Care Home Evacuation Concerns
During a prosecution involving two care home owners, their advocate, whilst mitigating their case, relied upon the fact that as they had employed four nursing staff to care for their forty, elderly and immobile, residents overnight, they had complied with the necessary regulations.
As I was about to spring to my feet to object to such a proposition, I realised that he was referring to CQC healthcare regulations and not to the FSO. I was somewhat annoyed at his submission, given that when a fire had occurred within the nursing home in December 2012, the 4 members of staff had vacated the premises, leaving all of the residents in their rooms, some without even their doors being shut.(Care Home Staff leave Elderly Residents during Fire)
It occurred to me, therefore, that there is a danger that the priority of some care home owners when deciding upon overnight staff provision was compliance with appropriate care staff to resident ratios and not whether or not there will be sufficient staff to evacuate vulnerable residents in the event of a fire. As this was the sixth case in which I have been involved with enforcement proceedings against care homes, I believe I have justification from my concerns. All of those 6 cases (one of which involved a fatality) involved issues regarding the evacuation of elderly and in some of the cases, disabled residents.
In none of the 6 cases had fire drills been carried out at night with limited numbers of staff. There had been an understandable reluctance to disturb or upset their frail residents during the hours of darkness. All of the fire risk assessments (where in existence, and suitable and sufficient) seemed to presume that a fire would occur during the day, with a full complement of staff and whilst the majority of residents were eating their dinner. In all of the cases staff seemed to have had a very loose understanding of ‘horizontal evacuation’ procedures and serious misunderstandings in relation to the ‘stay put’ principle.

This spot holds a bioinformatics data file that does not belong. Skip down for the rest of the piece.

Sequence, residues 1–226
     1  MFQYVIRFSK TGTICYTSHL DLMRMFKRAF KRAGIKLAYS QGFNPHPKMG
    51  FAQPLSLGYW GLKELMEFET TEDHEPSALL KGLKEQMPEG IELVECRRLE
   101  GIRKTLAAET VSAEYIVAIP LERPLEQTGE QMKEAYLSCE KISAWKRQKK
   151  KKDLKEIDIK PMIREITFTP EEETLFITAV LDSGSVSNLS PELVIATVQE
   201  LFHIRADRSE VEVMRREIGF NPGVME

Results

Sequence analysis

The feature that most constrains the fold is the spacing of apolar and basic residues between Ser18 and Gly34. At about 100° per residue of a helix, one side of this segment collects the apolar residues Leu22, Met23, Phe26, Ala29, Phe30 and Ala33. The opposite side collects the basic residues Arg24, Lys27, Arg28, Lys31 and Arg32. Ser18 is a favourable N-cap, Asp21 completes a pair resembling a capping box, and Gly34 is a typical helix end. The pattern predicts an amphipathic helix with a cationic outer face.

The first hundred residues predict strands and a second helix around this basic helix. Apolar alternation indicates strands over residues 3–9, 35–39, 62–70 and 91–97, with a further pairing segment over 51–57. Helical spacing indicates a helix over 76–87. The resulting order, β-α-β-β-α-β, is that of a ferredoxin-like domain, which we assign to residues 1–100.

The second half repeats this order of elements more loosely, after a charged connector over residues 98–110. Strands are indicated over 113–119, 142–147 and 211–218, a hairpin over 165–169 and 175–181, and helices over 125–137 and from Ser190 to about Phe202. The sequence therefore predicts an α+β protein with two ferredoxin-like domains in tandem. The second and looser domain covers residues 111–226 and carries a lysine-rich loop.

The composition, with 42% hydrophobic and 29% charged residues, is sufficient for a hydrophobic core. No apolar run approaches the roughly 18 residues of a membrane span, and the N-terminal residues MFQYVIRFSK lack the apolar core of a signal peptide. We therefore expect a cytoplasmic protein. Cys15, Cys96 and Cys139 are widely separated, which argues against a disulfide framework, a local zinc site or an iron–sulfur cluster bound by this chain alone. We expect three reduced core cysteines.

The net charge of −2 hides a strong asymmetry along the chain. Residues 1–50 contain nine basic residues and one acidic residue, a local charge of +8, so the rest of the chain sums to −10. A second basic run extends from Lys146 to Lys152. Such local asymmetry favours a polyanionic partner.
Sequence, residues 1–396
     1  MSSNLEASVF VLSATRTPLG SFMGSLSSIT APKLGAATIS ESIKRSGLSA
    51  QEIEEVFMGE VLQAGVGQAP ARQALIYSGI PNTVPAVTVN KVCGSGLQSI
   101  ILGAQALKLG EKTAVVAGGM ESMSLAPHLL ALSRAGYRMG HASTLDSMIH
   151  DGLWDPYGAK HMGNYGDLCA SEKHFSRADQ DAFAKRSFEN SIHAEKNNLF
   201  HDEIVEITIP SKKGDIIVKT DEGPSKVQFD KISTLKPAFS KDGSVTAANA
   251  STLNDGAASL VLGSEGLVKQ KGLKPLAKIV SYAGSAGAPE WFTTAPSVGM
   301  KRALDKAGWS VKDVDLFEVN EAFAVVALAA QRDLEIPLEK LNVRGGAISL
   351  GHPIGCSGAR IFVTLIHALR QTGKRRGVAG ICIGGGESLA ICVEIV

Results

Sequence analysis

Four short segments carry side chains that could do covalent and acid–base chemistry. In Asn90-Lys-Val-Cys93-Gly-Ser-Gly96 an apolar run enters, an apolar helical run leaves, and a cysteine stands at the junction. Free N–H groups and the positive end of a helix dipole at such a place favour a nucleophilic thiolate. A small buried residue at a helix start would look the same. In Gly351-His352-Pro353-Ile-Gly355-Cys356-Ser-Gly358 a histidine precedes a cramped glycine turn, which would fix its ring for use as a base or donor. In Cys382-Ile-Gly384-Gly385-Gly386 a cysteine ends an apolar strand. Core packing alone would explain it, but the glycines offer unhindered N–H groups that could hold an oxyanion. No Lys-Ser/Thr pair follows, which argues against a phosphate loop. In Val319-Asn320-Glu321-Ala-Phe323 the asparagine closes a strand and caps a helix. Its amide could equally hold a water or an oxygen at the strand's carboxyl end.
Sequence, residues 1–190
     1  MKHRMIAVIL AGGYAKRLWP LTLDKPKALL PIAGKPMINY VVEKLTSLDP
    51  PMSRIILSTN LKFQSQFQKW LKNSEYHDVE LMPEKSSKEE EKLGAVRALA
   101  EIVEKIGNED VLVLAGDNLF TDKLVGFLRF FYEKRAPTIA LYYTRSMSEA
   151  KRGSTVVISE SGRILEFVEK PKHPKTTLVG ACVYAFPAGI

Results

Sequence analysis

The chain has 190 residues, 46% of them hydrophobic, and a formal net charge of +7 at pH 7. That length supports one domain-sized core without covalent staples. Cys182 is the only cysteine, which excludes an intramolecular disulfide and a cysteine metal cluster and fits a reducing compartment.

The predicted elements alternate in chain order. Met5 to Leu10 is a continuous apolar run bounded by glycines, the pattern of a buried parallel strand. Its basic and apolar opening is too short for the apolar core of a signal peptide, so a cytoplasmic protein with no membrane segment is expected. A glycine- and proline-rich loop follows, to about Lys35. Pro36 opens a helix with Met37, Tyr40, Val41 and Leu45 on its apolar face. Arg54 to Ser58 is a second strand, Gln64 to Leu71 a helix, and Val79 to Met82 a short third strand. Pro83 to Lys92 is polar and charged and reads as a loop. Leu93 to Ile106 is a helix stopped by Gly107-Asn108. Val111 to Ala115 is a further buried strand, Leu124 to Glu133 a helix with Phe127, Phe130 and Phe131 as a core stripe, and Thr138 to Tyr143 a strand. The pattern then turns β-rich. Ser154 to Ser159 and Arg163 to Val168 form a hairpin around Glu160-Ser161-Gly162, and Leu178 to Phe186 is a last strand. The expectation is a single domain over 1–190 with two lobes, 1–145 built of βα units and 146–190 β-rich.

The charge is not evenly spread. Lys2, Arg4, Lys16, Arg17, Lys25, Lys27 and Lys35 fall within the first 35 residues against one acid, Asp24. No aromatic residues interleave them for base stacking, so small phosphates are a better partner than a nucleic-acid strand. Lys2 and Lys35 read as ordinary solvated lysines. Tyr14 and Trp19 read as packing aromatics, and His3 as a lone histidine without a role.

In reality, when fires occurred within the care homes involved, even the existing documented evacuation procedures were not followed. In one case, an elderly resident sadly died in her room of smoke inhalation and in 3 of the cases the limited number of staff who were on duty, telephoned the fire service and vacated the premises without taking any of the residents with them.
I accept that ensuring the safety of such relevant persons in the event of the fire is not an easy task, and that it is extremely hard for Independent fire risk assessors to advise upon when staffing issues will never be within their control. How many fire risk assessors would go as far as to advise their care home clients that they would require double the number of staff usually employed to safely evacuate residents to a place of safety within the appropriate time? Even if that advice was given, would it be acted upon in all cases?
Article 15 (1) of the FSO requires those responsible for running care homes and other similar healthcare premises to establish and give effect to appropriate procedures, including fire safety drills, to be followed in the event of serious and imminent danger to relevant persons, and further, Article 15 (2) requires them to nominate a sufficient number of competent persons to implement those procedures, insofar as they relate to the evacuation of relevant persons from the premises.
It is essential that the staff to resident/patient ratio required by organisations like the Care Quality Commission for the purpose of healthcare; and the disruptive nature of fire drills at inconvenient times does not lead to the preventative planning required for effective evacuation in the event of fire being disregarded.